Sunday – Lent – Week 1 – Year C

Jesus Temptation DesertWe like it when God makes promises to us. We know that he can keep them. Today’s promise is this; if we go out into the Lenten desert with Christ, we will return stronger than before.

At the beginning of the Gospel we find Christ being led into the desert. He was led there by the Holy Spirit, for forty days to be tempted by the devil. We aren’t told why God wanted Jesus to be tempted, but a reason is suggested by the rest of the story. The devil waits until Jesus is weakest. We are told that it was the end of the time, and that Jesus hadn’t eaten and was very hungry. This is when the devil decides to attack. What does he find? Though Christ’s body was weak, his soul had been made strong.

The devil decides to attack him head on; he opens his mouth, revealing himself. But Christ was the mouth of God, and he reveals himself through replying with scripture to each of the devil’s three attacks.

The first attack regarded bread. Jesus was hungry, and bread symbolizes all the needs of our bodies. There are many things in this world that we need, but do we need any one of them at a particular time? Can we fast from them, especially if it is for the sake of doing some good? Yes, in Christ’s time in the desert, he had become detached from the needs of his body. He was able to sacrifice his body for the good of others. This is important for us, because we carry on Christ’s mission. We also need to be free from the control of things which we consider needs. I may need sleep, but can’t I sacrifice it for one night to stay up late with a friend who is suffering? Yes many things which are needs, we need to be able to sacrifice at times, in order to carry out Christ’s mission. Christ had grown stronger in the desert, more ready to sacrifice necessities, even his body for the sake of his people.

The second temptation of the devil was toward the kingdoms of the world, power and glory. Do we need power and glory? No. The power to do and have whatever we want, this is a temptation toward extravagant luxury. Christ again responds in a way which shows his detachment from luxury. God is his center, only he does he worship. The luxuries of man have no control over him; they will not keep him carrying out his mission. Why is this important? Luxuries can have even more power over a person than necessities, even more power than care for one’s body, one’s life. Consider the sad situation of someone who is addicted to alcohol. Is alcohol a necessity? No, it is a luxury to be used properly according to scripture and tradition. Not to get drunk and not to damage one’s bodily health. But the desire for alcohol can be so great that a person spends their money on it rather than food, or chooses not to stop even when told that their liver is being damaged irreversibly. Having the next drink becomes more important than bringing about the salvation of the world.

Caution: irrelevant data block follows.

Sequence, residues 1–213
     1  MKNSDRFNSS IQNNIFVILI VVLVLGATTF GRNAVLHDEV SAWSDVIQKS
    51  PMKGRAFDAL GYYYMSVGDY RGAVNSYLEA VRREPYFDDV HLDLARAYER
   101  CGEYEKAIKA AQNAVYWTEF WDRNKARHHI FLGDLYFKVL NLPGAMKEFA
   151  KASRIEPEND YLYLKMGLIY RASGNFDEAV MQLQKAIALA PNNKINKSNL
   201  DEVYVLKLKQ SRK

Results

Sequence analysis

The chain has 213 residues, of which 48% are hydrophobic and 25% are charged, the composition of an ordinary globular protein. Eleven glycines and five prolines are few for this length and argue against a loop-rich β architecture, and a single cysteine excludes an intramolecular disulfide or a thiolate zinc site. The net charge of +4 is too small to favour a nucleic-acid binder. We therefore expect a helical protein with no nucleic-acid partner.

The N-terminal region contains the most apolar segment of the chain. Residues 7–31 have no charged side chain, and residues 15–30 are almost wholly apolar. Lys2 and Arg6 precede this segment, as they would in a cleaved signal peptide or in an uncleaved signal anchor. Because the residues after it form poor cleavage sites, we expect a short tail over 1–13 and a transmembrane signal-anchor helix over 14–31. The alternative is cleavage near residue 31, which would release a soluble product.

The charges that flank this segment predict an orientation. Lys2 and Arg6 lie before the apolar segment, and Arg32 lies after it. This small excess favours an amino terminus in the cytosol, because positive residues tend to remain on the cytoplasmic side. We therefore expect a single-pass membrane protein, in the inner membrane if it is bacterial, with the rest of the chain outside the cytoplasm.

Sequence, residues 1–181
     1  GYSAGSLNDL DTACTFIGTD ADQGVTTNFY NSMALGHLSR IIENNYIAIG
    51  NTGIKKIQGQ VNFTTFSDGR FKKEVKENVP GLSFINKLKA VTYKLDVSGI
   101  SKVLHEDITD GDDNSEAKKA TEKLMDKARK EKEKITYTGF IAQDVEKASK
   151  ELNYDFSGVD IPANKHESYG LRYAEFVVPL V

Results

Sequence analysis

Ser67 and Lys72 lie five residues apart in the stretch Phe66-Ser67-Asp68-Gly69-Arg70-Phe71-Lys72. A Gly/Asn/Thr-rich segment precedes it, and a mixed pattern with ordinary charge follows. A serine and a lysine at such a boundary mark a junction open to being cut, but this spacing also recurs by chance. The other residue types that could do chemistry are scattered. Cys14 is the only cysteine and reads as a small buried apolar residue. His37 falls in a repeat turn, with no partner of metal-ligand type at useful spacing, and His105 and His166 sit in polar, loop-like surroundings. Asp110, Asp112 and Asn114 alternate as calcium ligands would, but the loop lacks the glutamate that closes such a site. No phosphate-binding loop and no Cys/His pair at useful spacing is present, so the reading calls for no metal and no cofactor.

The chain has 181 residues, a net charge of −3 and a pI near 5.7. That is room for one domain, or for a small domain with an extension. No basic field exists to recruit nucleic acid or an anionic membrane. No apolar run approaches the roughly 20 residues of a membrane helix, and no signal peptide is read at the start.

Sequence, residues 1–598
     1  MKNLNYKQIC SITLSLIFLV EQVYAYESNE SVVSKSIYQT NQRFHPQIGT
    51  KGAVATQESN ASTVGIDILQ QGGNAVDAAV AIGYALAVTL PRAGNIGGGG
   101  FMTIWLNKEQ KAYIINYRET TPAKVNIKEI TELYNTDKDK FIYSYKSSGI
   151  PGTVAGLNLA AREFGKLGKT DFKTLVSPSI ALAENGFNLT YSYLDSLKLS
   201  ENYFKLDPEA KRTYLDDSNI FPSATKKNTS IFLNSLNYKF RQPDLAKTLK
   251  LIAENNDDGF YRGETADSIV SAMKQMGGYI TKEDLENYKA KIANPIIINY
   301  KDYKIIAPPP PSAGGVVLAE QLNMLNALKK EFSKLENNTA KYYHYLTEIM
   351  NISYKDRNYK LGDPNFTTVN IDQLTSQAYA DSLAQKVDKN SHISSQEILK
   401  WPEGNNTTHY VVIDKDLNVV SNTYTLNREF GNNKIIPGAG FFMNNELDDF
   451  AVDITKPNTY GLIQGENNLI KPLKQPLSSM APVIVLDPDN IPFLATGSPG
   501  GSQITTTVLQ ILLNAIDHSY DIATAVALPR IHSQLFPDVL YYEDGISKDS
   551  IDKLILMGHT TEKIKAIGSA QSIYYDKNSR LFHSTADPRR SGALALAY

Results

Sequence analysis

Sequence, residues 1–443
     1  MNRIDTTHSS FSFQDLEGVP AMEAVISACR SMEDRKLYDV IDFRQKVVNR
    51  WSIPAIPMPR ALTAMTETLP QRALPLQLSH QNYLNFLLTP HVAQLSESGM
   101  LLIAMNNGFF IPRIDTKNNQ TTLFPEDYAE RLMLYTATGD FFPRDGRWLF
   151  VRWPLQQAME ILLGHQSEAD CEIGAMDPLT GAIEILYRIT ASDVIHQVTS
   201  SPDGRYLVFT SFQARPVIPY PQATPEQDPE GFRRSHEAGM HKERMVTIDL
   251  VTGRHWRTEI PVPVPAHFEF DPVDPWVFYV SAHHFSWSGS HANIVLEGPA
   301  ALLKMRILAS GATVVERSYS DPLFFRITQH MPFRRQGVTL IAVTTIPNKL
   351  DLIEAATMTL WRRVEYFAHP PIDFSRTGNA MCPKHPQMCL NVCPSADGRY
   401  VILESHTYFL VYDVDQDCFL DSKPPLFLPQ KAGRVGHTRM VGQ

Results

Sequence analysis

The last temptation was toward Jesus’ relationship with God. After having failed to lead Jesus out of the desert experience, he attempts to attack the one thing that Jesus keeps referring to, the source of his strength, his relationship with God. He invites him to treat his relationship with God as if it were a game, with insincerity of heart. He takes Jesus to the holiest of places, to the top of the temple in the city of Jerusalem, and them invites him to jump off because God had promised to catch him. Isn’t this common to our experience? When a person is trying to make us fall and nothing is working, they attack the thing holding us up, our relationship with God. How many boyfriends have a similar thing to their girlfriend? They say, “God will understand, he’s promised to forgive us.” Enemies, not friends invite us to treat our relationship with God as a toy.

Jesus responds to each attempt expressing the authentic relationship between him and God. And do we see how quickly he responds? There is no consideration of the devil’s proposals. To each temptation, Christ is resolute, quick to responds, and by referring to the source of his strength, God the Father. The Holy Spirit had led him into the desert to be prepared for the “hour” of his ministry, the taking up the Cross.

You and I are being led by the Holy Spirit to enter the desert and become strong again. Let us fast, let us pray, let us give alms. We need this time to relearn proper relationship to necessities, luxuries, and God. To relearn the importance of Christ’s mission, not only with our minds but our bodies. When it is our time to make sacrifices for the salvation of the world, because of Lent, we will be ready.

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